A woman and her daughter enter the consultation room and Salma’s face stiffens. She checks the 5 year old girl’s upper arm circumference, as well as her height and weight. Shanza weighs 12.2 kg for 107 centimetres, which is less than 70 per cent of the average weight for her height.

© UNICEF/PAKA004/Bisin
The Supplementary Feeding Centre at Attarshesha

“Your daughter suffers from severe malnutrition”, Salma tells the mother. “Her life is in danger and requires urgent medical attention. You will have to visit a Therapeutic Feeding Centre as soon as possible. If you face any problem, let us know. We will do our best to support you”. Since Attarshesha’s Supplementary Feeding Centre opened, this is the third case of severe malnutrition the clinic’s team has come across.

While rocking her daughter’s frail body, Shanza’s 30-year-old mother, Flaynisa, gives a bleak insight into her life. “We walked 30 minutes to come to the centre because I don’t even have 30 rupees (US $0.5) to pay for the bus.”

“There are many factors leading to malnutrition”, says Dr. Atta Ur-Rehman, Field Medical Coordinator for the Nutrition programme run by Relief International, an implementing partner for UNICEF. “Poor diet, scarcity of food, low literacy levels and lack of sensitization to nutrition issues are just a few of them. Also, parents often show preference for their sons rather than their daughters when it comes to food as well as access to health services.”

“We have no sustainable means of income: my husband is a labourer at construction sites”, Flaynisa adds. “Sometimes he finds work, sometimes he doesn’t… I have seven children and it is very difficult to meet the needs of everyone when we do not have a regular income. We eat three times a day though: rice, wheat, maize and potatoes, but no meat. It is too expensive and not available at our local market”.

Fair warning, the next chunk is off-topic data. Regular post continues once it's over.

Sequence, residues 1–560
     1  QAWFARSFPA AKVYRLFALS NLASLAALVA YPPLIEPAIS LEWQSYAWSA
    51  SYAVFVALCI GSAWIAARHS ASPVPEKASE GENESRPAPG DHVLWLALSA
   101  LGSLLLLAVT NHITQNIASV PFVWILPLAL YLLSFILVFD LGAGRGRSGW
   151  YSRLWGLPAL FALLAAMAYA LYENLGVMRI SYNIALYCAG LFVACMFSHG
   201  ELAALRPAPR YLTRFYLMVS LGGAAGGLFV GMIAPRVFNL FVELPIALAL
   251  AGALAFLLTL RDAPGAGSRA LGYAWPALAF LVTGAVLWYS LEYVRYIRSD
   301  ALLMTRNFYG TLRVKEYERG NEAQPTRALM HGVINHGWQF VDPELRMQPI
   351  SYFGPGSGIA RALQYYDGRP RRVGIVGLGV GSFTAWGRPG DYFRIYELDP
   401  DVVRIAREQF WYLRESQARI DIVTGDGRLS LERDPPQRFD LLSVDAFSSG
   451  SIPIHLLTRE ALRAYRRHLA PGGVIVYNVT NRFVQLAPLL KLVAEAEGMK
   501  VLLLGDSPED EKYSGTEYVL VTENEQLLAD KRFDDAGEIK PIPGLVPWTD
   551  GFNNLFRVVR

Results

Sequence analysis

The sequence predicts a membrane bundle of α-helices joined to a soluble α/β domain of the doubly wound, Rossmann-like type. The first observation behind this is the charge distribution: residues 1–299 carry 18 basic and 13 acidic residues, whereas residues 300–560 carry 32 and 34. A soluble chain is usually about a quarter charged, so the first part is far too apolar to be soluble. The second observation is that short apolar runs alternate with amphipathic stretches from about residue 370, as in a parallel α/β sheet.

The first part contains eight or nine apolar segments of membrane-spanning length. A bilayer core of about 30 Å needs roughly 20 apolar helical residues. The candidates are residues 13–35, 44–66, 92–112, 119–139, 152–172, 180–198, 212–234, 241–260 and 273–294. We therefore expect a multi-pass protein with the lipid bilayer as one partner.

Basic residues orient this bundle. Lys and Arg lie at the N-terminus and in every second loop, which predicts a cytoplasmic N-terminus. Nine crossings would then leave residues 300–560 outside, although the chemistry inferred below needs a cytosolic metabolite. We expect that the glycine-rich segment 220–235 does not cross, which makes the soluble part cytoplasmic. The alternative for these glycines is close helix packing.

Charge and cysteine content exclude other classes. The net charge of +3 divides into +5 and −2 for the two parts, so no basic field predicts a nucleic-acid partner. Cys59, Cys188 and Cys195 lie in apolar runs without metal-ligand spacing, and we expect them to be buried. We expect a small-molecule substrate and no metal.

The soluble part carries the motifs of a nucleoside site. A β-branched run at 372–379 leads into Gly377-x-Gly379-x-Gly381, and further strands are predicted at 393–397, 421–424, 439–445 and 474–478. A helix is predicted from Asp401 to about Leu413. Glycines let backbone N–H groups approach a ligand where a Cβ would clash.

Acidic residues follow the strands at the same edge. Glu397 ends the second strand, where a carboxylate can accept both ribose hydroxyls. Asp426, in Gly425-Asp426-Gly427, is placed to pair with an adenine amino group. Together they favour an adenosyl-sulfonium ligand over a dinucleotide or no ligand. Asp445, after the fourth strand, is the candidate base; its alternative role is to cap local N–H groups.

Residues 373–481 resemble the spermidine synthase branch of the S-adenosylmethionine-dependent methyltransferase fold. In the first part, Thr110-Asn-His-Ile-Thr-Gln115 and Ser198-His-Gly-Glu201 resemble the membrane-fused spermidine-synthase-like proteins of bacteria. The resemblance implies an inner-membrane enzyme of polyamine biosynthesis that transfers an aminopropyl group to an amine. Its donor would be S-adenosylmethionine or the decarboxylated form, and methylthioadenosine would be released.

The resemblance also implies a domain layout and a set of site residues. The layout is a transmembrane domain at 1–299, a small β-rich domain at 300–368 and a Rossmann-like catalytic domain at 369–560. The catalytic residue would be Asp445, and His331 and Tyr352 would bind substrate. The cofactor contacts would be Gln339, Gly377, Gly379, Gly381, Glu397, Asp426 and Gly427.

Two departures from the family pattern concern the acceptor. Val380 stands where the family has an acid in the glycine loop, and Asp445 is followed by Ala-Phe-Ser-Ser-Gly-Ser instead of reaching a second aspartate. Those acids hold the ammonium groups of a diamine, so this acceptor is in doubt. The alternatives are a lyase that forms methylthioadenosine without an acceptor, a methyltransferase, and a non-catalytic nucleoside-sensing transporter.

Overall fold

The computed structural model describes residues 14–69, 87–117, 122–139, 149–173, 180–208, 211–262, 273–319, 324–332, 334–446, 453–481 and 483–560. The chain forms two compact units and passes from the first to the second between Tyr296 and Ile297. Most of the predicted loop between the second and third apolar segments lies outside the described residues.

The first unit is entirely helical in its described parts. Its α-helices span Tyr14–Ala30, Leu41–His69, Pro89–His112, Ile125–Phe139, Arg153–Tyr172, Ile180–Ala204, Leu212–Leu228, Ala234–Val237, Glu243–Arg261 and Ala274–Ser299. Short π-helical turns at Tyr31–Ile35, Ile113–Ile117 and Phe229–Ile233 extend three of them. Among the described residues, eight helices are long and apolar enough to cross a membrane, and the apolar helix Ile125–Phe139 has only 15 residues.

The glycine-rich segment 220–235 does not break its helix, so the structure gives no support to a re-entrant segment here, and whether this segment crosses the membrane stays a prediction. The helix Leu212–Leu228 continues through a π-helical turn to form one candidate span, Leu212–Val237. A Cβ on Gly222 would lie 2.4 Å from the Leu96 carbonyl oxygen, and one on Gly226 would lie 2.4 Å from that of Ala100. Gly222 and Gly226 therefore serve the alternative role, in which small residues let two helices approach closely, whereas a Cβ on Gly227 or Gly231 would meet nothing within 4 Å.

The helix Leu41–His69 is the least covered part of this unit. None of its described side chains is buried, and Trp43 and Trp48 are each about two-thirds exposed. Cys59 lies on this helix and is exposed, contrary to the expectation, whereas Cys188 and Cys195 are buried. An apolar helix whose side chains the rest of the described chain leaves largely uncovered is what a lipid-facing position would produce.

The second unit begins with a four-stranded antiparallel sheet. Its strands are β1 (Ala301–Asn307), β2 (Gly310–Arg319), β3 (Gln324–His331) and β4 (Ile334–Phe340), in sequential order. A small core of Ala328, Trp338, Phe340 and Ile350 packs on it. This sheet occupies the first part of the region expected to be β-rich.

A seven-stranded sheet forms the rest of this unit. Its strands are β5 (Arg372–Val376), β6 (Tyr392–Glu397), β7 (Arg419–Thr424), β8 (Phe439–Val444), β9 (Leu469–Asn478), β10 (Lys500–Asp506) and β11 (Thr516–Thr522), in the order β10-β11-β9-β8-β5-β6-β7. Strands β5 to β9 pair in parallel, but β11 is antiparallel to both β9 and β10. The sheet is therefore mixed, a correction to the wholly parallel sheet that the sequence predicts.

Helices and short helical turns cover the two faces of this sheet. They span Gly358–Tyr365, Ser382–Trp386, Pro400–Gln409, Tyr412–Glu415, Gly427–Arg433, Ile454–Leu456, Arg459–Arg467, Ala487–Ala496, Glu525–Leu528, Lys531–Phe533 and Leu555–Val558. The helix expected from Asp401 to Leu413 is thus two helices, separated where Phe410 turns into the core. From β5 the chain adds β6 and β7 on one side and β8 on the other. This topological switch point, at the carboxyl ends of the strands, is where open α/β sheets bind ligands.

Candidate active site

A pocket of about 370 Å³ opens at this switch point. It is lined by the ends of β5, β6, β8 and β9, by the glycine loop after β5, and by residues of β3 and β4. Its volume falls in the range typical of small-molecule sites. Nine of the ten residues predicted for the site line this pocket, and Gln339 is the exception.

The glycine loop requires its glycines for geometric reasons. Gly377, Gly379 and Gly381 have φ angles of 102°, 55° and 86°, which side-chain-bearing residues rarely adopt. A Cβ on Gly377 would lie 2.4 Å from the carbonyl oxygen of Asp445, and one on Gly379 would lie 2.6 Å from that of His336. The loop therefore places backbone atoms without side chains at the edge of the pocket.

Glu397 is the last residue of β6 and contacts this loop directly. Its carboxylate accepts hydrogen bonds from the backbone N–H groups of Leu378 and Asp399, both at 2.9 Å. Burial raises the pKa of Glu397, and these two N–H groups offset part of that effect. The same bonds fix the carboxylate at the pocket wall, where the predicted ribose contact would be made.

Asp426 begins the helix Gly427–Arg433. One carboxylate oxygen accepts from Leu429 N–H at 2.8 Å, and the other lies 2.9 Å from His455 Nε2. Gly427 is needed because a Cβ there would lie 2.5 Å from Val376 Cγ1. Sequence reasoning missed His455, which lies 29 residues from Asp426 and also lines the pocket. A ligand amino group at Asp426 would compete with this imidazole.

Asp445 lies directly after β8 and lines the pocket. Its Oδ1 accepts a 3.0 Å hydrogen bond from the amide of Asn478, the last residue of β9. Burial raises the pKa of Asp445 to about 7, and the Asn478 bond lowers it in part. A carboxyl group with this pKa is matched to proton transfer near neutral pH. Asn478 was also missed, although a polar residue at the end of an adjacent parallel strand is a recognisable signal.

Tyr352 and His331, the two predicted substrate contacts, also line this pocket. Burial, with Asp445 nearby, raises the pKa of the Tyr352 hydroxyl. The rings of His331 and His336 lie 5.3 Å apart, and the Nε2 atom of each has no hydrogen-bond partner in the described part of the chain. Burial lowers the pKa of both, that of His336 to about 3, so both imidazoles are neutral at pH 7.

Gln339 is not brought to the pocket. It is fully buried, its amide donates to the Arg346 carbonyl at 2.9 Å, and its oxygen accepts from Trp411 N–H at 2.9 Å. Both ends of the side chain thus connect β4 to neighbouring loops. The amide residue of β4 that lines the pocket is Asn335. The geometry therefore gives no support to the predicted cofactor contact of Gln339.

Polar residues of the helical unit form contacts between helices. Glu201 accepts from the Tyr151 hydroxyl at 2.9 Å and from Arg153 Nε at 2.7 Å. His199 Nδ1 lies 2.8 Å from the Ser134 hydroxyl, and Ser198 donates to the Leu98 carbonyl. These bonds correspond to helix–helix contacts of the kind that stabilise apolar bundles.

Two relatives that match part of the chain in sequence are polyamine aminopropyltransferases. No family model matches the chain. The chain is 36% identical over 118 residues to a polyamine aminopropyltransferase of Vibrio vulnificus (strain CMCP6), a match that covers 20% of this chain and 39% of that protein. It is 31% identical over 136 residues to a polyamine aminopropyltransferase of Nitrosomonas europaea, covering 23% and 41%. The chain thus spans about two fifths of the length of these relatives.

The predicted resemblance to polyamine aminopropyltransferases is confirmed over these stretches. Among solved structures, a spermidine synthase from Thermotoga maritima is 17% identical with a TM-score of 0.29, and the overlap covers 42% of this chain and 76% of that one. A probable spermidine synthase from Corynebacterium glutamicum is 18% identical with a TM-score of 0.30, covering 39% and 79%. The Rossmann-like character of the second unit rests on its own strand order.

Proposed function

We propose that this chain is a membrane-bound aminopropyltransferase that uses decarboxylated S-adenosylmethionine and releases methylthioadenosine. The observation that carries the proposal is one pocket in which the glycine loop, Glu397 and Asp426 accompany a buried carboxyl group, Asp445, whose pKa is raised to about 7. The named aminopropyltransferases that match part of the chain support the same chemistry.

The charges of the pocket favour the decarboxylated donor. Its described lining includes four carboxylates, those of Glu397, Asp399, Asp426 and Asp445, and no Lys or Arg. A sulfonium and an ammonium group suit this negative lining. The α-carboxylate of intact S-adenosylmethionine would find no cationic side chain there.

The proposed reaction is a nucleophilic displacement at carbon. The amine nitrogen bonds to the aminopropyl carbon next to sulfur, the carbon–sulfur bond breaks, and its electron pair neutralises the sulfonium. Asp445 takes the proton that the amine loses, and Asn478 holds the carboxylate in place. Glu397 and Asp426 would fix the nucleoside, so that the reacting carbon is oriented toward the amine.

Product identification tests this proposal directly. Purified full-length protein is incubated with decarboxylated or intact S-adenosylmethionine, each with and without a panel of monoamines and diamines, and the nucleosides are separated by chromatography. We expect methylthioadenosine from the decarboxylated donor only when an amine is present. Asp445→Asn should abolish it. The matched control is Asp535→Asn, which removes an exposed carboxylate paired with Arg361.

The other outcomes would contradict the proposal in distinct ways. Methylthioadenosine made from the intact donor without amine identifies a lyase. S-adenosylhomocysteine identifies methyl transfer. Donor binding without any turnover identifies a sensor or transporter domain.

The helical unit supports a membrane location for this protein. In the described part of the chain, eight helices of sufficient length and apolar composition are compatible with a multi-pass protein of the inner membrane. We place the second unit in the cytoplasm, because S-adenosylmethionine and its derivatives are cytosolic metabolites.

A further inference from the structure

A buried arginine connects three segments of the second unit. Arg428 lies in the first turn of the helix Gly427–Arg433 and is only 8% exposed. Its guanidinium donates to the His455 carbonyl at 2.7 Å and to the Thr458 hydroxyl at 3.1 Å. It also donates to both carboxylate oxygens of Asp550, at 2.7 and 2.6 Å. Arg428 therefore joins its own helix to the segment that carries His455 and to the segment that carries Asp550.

“There are many factors leading to malnutrition”, says Dr. Atta Ur-Rehman, Field Medical Coordinator for the Nutrition programme run by Relief International, an implementing partner for UNICEF. “Poor diet, scarcity of food, low literacy levels and lack of sensitization to nutrition issues are just a few of them. Also, parents often show preference for their sons rather than their daughters when it comes to food as well as access to health services.”

To tackle the long-standing problem, UNICEF and its partners are conducting awareness sessions on nutrition at community level, involving religious leaders, mothers and nazims (local political leaders).

UNICEF is also establishing a network of 4,000 community-based health workers whose key priority is to sensitize communities on basic health and hygiene practices as well as to detect cases of malnutrition and refer them to the Supplementary Feeding Centres. Community Health Workers were also trained on breastfeeding promotion, as many mothers, traumatized by the disaster, stopped lactating after the earthquake.

“I feel grateful I have been told early enough that my daughter needs special care. I felt so helpless when I came to the centre. Now I know we are in good hands and I will do my best to give Shanza what she needs”, says Flaynisa.